Cool and dry

Wednesday 11th July 2012

 

The days just seem to have flown by and it’s difficult to believe we’re nearly halfway through July already.  We have relaxed into non-sailing mode, although we keep a daily eye on the weather as we don’t want anything nasty sneaking up on us.  We have knocked quite a lot off our joblist, and are presently drawing up a new one for Trinidad.  The liferaft was due for service last year, but as we were mainly coastal sailing, we didn’t feel an urgent need to get it done.  Now, though, with another ocean crossing coming up within a year, we need to get it serviced.  This is not proving too easy though, because the company that made the liferaft was taken over and our particular model is no longer produced.  As a result, neither of the two companies in Trinidad that do liferaft servicing are able to source spares.  So at the moment we are looking into the possibility of getting them shipped in ourselves – of course the alternative will be to buy a new one, but we hope it won’t come to that.

 

It’s a real treat to have a 220v 50Hz electricity supply for a change, and we have been making the most of it by running the hoover (occasionally) and the sewing machine (lots).  We bought a few yards of sunbrella canvas when in the US (hence yards not metres!), and with this, together with a tent we had made for the aft deck which we never use, we made a variety of covers for the boat.  Protecting the boat and its equipment from the sun is important as the damaging UV rays are relentless.   And being able to keep the hatches open when it rains (frequently and hard – it is the rainy season!) is necessary to prevent us from expiring from the heat!

 

We had already made a rain cover for the aft hatch when we were in Cuba – so we made a rain cover for the forward hatch.  This also doubles as a raincatcher to which we can fix a hose and lead the water back to the deck filler for the water tanks.  The watermaker works well, but it is good to have a backup system.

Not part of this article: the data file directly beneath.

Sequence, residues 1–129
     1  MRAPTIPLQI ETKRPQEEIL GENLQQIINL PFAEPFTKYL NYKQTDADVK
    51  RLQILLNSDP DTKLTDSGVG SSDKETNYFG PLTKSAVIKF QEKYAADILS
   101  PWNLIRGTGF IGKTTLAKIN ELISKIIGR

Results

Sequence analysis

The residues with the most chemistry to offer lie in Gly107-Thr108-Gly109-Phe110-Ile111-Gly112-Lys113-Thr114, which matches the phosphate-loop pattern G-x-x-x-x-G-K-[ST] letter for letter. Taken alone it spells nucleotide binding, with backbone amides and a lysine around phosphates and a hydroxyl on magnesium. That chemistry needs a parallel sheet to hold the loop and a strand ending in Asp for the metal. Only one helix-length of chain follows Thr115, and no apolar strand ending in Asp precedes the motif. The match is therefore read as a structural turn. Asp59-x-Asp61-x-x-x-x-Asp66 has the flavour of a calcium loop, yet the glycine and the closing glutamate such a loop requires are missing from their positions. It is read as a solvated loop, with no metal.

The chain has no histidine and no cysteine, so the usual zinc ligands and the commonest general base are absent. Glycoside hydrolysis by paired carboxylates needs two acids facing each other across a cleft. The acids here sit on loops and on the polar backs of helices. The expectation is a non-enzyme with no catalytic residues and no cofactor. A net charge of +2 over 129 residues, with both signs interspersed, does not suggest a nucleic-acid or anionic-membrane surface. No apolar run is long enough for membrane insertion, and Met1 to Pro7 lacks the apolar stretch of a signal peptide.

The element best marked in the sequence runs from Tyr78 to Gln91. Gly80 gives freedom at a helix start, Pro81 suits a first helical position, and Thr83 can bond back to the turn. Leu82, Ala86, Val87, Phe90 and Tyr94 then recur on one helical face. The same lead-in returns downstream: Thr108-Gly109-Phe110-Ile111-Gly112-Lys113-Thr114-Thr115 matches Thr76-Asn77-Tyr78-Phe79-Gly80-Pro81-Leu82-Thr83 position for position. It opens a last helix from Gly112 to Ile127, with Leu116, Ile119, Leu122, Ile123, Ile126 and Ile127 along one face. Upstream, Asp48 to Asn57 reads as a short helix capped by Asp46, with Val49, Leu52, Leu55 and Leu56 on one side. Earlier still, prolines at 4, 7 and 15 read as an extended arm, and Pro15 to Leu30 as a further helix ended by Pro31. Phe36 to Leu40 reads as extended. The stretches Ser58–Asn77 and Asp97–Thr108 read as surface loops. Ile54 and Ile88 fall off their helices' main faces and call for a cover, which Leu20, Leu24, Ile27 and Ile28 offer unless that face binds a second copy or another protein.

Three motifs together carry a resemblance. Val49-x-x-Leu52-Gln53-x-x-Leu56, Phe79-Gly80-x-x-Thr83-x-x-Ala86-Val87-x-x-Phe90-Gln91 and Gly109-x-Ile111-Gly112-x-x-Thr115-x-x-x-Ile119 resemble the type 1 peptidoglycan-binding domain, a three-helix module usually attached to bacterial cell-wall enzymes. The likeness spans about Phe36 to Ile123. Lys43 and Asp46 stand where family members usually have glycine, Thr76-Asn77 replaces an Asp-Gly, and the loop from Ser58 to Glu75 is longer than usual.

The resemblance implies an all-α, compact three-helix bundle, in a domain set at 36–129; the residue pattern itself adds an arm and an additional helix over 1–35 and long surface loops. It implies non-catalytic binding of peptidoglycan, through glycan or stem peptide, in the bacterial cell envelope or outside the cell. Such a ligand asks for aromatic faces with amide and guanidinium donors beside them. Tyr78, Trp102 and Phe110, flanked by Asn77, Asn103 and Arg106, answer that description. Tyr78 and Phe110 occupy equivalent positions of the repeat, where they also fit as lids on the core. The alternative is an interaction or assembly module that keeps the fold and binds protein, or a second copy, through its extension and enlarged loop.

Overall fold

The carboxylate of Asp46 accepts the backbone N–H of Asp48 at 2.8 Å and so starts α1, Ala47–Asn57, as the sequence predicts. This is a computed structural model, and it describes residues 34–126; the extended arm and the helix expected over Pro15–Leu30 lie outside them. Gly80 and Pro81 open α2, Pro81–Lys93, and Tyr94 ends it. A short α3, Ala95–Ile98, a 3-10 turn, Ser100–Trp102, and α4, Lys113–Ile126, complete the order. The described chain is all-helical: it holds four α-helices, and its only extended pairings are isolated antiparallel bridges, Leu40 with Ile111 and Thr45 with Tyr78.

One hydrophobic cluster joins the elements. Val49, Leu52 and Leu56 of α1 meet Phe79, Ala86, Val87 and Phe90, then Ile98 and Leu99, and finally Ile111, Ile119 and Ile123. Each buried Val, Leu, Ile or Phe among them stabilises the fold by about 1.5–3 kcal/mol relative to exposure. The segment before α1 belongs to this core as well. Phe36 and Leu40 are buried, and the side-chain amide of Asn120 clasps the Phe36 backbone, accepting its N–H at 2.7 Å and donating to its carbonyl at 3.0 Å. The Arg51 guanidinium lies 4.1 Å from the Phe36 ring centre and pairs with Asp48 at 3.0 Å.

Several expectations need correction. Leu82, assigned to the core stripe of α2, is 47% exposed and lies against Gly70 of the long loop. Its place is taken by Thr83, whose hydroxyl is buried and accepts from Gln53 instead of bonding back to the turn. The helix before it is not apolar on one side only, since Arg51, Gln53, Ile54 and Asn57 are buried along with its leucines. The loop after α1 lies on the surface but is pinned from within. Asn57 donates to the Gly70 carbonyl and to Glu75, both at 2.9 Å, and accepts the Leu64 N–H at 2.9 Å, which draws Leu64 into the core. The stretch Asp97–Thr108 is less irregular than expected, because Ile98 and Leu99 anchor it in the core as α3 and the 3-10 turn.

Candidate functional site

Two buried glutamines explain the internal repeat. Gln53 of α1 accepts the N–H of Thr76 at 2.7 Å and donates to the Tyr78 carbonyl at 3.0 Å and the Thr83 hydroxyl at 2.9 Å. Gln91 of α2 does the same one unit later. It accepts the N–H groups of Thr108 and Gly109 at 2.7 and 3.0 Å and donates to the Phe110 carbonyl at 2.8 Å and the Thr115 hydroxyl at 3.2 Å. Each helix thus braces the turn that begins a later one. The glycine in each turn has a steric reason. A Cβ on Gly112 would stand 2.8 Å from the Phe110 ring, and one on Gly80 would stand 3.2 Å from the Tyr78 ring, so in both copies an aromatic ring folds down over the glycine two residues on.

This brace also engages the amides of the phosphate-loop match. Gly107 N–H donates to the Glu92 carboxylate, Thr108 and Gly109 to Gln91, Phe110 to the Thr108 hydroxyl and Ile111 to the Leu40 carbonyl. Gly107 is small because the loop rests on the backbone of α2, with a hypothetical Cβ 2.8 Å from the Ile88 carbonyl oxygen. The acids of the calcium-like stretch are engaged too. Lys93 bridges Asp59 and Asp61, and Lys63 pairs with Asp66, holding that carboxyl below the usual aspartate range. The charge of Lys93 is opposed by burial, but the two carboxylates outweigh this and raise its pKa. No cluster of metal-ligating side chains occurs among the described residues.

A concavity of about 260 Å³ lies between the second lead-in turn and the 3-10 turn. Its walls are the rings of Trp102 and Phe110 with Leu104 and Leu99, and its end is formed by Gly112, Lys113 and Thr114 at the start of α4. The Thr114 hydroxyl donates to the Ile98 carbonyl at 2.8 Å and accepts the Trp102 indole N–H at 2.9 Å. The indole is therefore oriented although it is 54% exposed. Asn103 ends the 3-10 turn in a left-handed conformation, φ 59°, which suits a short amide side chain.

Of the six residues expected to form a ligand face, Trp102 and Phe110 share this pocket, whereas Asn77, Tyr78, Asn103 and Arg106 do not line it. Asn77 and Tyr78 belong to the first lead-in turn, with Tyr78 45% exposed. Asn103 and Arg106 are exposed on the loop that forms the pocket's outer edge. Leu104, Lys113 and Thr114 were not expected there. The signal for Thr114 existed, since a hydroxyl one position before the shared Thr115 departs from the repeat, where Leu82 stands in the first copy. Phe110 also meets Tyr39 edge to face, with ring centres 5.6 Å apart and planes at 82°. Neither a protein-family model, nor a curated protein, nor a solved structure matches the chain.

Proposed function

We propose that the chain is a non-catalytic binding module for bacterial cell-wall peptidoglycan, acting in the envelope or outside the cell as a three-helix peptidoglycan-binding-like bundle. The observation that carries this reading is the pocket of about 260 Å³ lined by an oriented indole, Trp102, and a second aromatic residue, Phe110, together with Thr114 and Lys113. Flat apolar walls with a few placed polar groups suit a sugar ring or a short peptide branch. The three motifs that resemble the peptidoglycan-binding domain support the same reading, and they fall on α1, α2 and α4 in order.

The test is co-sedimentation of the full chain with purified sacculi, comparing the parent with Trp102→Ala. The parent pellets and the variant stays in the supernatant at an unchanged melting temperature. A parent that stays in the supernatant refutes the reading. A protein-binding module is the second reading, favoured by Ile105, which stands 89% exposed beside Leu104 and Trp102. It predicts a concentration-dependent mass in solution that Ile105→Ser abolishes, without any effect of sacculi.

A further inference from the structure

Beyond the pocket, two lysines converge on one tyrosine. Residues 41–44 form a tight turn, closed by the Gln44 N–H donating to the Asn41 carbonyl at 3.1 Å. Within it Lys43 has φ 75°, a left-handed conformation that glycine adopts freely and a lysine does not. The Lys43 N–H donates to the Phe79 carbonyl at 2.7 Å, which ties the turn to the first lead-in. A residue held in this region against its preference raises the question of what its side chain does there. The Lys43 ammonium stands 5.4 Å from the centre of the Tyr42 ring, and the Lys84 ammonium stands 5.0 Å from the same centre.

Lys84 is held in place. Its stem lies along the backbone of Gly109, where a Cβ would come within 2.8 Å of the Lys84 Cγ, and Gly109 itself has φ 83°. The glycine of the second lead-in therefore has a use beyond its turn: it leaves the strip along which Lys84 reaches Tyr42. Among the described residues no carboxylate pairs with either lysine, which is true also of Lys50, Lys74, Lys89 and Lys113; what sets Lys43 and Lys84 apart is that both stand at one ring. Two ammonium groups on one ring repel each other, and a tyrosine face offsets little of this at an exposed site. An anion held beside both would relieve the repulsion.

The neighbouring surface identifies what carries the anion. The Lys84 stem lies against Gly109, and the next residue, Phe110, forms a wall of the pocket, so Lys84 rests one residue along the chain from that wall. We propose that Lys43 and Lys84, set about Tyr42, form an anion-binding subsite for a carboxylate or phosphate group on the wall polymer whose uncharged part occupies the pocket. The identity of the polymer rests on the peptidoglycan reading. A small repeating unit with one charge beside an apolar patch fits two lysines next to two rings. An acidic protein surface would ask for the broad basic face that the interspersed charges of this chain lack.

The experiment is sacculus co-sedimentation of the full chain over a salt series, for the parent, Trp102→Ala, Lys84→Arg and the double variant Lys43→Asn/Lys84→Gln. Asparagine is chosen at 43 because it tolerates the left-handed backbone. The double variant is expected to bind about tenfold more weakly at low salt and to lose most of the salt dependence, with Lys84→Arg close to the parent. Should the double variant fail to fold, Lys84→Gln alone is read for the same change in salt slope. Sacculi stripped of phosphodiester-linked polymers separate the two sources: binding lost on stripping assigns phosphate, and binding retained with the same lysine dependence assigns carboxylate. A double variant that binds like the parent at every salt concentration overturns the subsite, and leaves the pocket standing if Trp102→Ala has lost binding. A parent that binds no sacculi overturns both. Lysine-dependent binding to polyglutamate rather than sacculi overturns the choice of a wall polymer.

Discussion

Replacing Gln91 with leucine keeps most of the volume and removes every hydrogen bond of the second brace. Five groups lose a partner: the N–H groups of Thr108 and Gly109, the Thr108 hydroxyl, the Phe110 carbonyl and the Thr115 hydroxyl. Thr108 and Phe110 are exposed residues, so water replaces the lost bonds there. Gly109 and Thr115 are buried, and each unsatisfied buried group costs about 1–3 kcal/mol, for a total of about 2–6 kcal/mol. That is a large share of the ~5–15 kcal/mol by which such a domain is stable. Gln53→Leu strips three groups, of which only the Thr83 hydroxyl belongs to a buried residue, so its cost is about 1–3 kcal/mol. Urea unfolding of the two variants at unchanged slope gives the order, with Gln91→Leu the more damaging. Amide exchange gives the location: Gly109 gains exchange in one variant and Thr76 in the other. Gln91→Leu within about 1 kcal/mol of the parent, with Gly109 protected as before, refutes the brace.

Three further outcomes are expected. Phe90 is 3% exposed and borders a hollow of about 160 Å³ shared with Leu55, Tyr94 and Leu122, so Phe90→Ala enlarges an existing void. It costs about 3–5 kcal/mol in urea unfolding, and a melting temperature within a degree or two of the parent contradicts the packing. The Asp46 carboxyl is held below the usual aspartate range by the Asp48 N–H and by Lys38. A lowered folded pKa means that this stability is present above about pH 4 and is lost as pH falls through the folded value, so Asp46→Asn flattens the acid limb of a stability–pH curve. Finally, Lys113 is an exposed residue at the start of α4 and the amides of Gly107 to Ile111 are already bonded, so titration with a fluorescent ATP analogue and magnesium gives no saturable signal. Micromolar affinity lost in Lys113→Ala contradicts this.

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Aft hatch raincover- means we can still have air when it rains                       Fore hatch raincover, with drain hole so that it can double as a raincatcher.

 

We made an alteration to the boom tent which keeps the sun and rain off us in harbour.  The showers can be very heavy here, and big puddles were forming either side of the boom, making the tent sag and stretch.  So we attached some webbing eyes along the middle and can now pull it up on the spare halyard, and now the rain drains off nicely.

 

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The halyard pulls up the middle of the tent so that the rain drains off.

 

We carry jerry cans of fuel on the side decks when we set off on longer passages as the diesel tank in the boat only gives us a range of about 350-400 nautical miles.  Out on the decks they are exposed to the full force of the sun, which isn’t good for the plastic, nor for the diesel inside them.  They are empty at the moment, so an ideal time to make covers for them.

 

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Protecting the jerry cans from the sun.

 

We also wanted a cover for the chartplotter on the binnacle, which was a slightly more complicated shape than previously attempted.  We had some plastic sheeting used by the professional canvas workers which we had rescued from a recycling bin in Herrington Harbour, so we made a pattern out of that first.  We are quite pleased with the result.

 

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The template cut out of plastic sheeting.                                                                               The chartplotter cover, fixed below with a press stud to prevent it flying away!

 

The final sewing task was to refurbish the ensign which had flogged itself to almost half its original size.  We removed the Union Jack from the corner of the old one, and used some flag material kindly given to us by our friends Sandy & Brian on Moonshadow Star to build a new ensign around it. 

 

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Ta-da! A new ensign….                                                                                                                  ...in place at the back of the boat.

 

The sewing machine has more than paid for itself already.  We were hesitant about paying what we thought was a lot of money for an old machine – a Bernina 707 minimatic.  We could have bought a couple of brand new ones for the same price!  But we wanted something simple and sturdily built, and able to stitch several layers of canvas without comment, which this does.  The modern ones we tried were screaming at having to stitch two layers!  An excellent buy, and well-deserving of the locker space. 

 

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Small but powerful, the machine has paid for itself already.